While such a plan may go a long way towards helping one Italian bank—albeit, the worst-afflicted bank—it appears to be merely one of a handful of temporary “band-aids” designed to calm markets and investor concern. The much deeper problem of hundreds of billions of dollars of NPLs will not be solved by such rescue funds; and with economic growth proving to be non-existent in recent months, the nation’s banking sector will find it extremely challenging to mitigate those loans. Furthermore, weak growth is a problem that is now plaguing the entire Eurozone and is thus making it more difficult for Italian banks to get the required support from neighbours in the region.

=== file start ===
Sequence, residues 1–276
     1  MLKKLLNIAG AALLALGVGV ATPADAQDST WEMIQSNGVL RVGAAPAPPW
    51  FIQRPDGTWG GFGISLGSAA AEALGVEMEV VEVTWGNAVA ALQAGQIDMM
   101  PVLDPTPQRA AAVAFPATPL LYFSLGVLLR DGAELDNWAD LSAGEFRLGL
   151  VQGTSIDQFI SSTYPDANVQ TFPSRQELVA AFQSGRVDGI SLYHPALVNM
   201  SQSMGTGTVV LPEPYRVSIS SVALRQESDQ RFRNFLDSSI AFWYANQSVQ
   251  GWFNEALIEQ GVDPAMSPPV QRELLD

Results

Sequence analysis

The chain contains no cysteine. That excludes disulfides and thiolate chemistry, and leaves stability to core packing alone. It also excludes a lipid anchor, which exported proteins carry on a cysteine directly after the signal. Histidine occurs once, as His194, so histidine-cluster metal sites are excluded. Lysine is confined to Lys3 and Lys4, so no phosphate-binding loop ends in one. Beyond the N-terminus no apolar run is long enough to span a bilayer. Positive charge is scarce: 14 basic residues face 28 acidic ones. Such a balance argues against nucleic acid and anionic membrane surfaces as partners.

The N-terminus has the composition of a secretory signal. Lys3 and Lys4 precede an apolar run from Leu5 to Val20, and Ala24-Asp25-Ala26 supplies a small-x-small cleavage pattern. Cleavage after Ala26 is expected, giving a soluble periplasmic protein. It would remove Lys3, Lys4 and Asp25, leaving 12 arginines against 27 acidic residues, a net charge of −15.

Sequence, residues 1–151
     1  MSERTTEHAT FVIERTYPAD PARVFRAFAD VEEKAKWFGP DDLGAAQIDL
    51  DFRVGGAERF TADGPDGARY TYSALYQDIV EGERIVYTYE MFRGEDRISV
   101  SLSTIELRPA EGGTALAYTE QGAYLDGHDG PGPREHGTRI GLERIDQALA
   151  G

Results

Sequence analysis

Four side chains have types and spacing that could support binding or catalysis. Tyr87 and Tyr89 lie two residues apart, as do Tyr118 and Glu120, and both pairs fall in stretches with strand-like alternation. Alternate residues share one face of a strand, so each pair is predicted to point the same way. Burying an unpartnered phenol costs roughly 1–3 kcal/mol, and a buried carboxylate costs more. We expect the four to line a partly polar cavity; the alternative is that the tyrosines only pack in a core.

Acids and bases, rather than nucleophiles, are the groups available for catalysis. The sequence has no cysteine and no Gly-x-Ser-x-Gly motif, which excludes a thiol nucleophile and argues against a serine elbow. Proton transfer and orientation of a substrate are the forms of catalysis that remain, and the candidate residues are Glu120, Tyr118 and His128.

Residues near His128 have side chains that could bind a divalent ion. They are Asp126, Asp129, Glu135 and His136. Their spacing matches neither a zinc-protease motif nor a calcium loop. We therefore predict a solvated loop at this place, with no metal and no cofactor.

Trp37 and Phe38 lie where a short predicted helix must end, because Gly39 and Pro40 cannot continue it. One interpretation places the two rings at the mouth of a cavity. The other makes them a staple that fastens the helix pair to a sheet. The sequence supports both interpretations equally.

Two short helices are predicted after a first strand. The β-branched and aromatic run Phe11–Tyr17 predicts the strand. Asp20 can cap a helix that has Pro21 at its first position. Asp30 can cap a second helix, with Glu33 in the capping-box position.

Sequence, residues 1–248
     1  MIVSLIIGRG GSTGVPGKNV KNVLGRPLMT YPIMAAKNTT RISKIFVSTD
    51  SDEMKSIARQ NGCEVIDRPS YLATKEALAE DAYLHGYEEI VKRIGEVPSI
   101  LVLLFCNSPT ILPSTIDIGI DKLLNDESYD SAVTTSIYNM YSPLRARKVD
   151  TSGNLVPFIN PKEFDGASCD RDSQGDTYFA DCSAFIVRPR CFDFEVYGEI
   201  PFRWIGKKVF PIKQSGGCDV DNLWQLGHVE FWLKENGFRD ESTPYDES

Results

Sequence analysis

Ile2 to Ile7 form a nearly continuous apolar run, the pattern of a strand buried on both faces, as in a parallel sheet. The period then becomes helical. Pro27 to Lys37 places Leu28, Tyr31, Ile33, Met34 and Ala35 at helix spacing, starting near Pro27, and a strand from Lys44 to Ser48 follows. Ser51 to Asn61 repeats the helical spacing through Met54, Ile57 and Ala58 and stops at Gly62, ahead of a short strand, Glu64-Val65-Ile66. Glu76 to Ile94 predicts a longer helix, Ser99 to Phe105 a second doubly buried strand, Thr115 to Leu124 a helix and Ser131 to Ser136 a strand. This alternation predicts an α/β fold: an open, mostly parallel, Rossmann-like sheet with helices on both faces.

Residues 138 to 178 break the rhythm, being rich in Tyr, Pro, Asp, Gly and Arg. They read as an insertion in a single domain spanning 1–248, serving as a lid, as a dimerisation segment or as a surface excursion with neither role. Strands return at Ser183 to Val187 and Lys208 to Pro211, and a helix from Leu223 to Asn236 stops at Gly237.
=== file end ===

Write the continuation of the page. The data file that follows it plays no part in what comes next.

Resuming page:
The extent to which the Eurozone is impacted by Italy’s banking problems could ultimately be decided by the country’s political fate, namely the referendum being held in October on constitutional reform. If passed, the measures will allow Renzi’s government to ostensibly improve the efficacy of the Italian state, as well as reduce the overall size and power of the Senate, the upper house of the Italian Parliament. The Senate has stymied several reforms that would have allowed the government to inject the economy with growth-inducing fiscal measures, as well as reduce Italian national debt, which stands at an alarming 130 percent of GDP.